• Queries and finished articles on medicine and health should be sent by e-mail to Mike Mason at firstname.lastname@example.org. On other science topics, to David Corcoran at email@example.com.
• We also look at personal essays, on spec only, for the Health page feature Cases. These are first-person articles of 800 words or so about an encounter with the medical system. Many examples can be found online.
Peter Dykstra, publisher, Environmental Health News and The Daily Climate
Environmental Health News and The Daily Climate welcome freelance story pitches on the impacts on human health from environmental exposures and climate change. If it's helpful for freelancers, here's a direct link to the original freelance content we've published recently. It's the best way for potential pitchers to get an idea of what we like. EHN is probably the stronger possibility for a successful pitch from AHCJ writers.
John Fairhall, editor in chief, Kaiser Health News
Kaiser Health News is a nonprofit news site which partners with major news organizations. We’re looking for freelance pitches stories with strong narratives about health policy and politics, including implementation of the health law on the federal and state level, Medicare, Medicaid, the uninsured, the insurance and health care industries, the delivery of care, comparative effectiveness, health disparities. While we are interested in stories with a consumer angle, we don’t have strictly medical stories, new treatments or studies.
Denise Fulton, executive editor, IMNG Medical Media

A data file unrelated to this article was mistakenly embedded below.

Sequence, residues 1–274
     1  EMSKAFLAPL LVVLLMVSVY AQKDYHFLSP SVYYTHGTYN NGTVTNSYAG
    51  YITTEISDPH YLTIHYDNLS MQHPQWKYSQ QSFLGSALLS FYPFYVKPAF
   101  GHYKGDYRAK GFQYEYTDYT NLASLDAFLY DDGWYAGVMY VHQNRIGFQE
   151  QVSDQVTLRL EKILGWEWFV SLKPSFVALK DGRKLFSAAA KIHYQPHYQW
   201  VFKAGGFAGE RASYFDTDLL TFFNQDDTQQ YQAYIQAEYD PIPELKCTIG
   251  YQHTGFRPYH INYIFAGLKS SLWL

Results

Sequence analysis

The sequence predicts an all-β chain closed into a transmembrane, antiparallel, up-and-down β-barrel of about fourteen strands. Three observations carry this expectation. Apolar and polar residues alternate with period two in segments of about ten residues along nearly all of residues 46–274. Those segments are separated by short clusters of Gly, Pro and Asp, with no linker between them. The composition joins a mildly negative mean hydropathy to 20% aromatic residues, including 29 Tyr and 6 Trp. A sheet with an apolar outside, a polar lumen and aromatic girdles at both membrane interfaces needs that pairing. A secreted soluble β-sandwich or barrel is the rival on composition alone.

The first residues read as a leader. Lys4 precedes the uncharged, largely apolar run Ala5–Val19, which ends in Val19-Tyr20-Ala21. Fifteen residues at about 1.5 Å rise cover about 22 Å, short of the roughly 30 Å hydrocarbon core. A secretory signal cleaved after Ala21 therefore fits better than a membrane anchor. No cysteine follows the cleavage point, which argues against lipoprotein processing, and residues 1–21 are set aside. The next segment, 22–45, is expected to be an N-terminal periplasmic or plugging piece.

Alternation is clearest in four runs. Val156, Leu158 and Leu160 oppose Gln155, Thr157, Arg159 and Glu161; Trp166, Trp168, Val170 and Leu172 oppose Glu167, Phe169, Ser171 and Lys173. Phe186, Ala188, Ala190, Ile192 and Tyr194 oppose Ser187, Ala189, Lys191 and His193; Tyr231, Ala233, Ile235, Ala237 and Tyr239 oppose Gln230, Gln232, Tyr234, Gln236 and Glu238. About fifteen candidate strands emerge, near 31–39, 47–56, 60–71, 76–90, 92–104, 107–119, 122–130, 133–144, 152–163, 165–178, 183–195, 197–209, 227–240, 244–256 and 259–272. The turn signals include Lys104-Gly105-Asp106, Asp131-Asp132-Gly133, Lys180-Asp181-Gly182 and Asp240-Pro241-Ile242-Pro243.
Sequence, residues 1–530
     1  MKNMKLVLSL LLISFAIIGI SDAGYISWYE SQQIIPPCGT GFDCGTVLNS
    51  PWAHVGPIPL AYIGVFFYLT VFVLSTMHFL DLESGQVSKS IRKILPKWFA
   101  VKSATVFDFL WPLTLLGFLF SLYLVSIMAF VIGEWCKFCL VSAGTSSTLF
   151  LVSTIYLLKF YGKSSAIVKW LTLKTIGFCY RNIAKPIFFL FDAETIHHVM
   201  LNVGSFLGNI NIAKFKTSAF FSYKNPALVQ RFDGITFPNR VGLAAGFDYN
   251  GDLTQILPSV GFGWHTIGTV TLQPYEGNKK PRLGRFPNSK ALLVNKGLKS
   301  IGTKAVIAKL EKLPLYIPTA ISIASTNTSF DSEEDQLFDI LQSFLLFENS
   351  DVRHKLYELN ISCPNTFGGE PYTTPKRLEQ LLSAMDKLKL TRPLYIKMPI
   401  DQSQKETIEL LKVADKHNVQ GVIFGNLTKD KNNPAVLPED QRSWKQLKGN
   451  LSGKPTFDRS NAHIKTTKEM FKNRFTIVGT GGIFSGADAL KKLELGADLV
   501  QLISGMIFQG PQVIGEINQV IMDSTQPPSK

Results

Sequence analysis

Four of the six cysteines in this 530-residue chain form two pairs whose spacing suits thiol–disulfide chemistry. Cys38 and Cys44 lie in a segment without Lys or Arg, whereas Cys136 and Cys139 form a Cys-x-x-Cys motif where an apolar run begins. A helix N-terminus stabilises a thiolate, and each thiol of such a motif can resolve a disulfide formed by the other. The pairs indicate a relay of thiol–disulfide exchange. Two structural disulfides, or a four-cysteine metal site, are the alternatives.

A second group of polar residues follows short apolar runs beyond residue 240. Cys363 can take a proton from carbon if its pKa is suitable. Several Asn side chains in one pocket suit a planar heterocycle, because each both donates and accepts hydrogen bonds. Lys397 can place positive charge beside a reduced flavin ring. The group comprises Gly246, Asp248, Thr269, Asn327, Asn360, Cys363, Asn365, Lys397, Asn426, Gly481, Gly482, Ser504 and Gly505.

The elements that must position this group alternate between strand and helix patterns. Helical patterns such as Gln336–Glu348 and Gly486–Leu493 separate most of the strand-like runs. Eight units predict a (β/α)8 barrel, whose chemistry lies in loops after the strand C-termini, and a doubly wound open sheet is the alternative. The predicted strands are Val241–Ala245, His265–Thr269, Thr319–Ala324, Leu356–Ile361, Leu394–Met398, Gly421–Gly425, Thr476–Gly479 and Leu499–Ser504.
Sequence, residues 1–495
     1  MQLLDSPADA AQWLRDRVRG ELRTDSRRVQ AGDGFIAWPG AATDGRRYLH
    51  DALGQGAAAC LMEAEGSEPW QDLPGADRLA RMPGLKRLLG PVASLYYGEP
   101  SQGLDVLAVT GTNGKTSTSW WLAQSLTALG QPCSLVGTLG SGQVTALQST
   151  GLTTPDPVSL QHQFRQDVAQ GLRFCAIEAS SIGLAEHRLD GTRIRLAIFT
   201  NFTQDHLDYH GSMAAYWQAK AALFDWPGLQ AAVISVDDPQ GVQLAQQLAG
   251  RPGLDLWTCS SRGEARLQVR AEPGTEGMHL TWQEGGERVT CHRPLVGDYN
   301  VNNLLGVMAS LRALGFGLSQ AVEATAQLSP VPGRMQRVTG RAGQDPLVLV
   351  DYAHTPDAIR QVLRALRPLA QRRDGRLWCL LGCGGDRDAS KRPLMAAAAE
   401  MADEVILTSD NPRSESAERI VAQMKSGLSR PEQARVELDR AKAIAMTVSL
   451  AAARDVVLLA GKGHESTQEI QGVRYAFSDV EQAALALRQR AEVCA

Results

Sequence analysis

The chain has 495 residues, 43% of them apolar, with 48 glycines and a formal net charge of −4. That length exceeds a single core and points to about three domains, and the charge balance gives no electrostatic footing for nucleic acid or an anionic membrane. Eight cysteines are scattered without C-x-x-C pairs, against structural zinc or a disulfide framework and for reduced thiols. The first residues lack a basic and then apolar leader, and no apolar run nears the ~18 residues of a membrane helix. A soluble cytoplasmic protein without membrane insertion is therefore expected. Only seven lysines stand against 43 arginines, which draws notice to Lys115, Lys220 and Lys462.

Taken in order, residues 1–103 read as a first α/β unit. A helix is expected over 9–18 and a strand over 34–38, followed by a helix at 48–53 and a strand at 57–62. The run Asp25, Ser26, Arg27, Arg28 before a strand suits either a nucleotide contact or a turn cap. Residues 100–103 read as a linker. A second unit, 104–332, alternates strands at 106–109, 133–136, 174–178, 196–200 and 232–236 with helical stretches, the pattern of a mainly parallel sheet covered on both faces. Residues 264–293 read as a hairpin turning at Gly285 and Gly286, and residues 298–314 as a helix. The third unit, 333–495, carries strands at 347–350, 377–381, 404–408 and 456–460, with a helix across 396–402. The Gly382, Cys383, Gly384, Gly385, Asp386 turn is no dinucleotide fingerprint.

IMNG Medical Media provides medical news coverage tailored to the needs and interests of practicing physicians across 18 specialties. We strives to provide news that is fair, balanced and accurate. We adhere to policies of fact verification and disclosures of interest by sources quoted in our articles. To meet the news needs of our physician readers, we want to work with freelance health journalists on a range of products. Our editorial strength – our bread and butter – is reporting news from medical research meetings around the globe. But we also seek freelancers to cover breaking news developments out of federal agencies, to report in-depth features tailored to specific medical specialists, to write news stories based on published medical research, and to provide coverage for show daily newspapers at medical meetings. To gain a better understanding our editorial operations, please visit www.familypracticenews.com or www.clinicalpsychiatrynews.com; click on the digital edition in the upper right corner of the home page to view our print publications. To learn more about our group, please visit www.imng.com.
Peggy Girshman, executive editor, Kaiser Health News
Kaiser Health News is a nonprofit news site which partners with major news organizations, including The Washington Post, USA Today,McClatchy Newspapers, NPR, MSNBC and some magazines. We’re looking for freelance stories with strong narratives about health policy and politics, including implementation of the health law on the federal and state level, Medicare, Medicaid, the uninsured, the insurance and health care industries, the delivery of care, comparative effectiveness, health disparities. While we are interested in stories with a consumer angle, we don’t publish strictly medical stories, new treatments, etc
Christine Gorman, senior editor, Scientific American; representing the web site and magazine as well as Scientific American Mind
Scientific American is a monthly magazine, website, blog network and growing online community. We print long-form features (2500-3500 words) and some shorter news pieces (500 to 800 words) in the print edition about basic scientific research for a high-income, typically college-educated general audience. Magazine subscribers are typically not scientists themselves--think bankers, engineers and insurance agents--but they like more depth on scientific topics than they can get from newsmagazines or newspapers. As a result, we look for an intelligent and engaging writing style that contains little or no jargon. Tablet and e-reader applications are on tap for later in 2012. Lead time is typically four months or longer.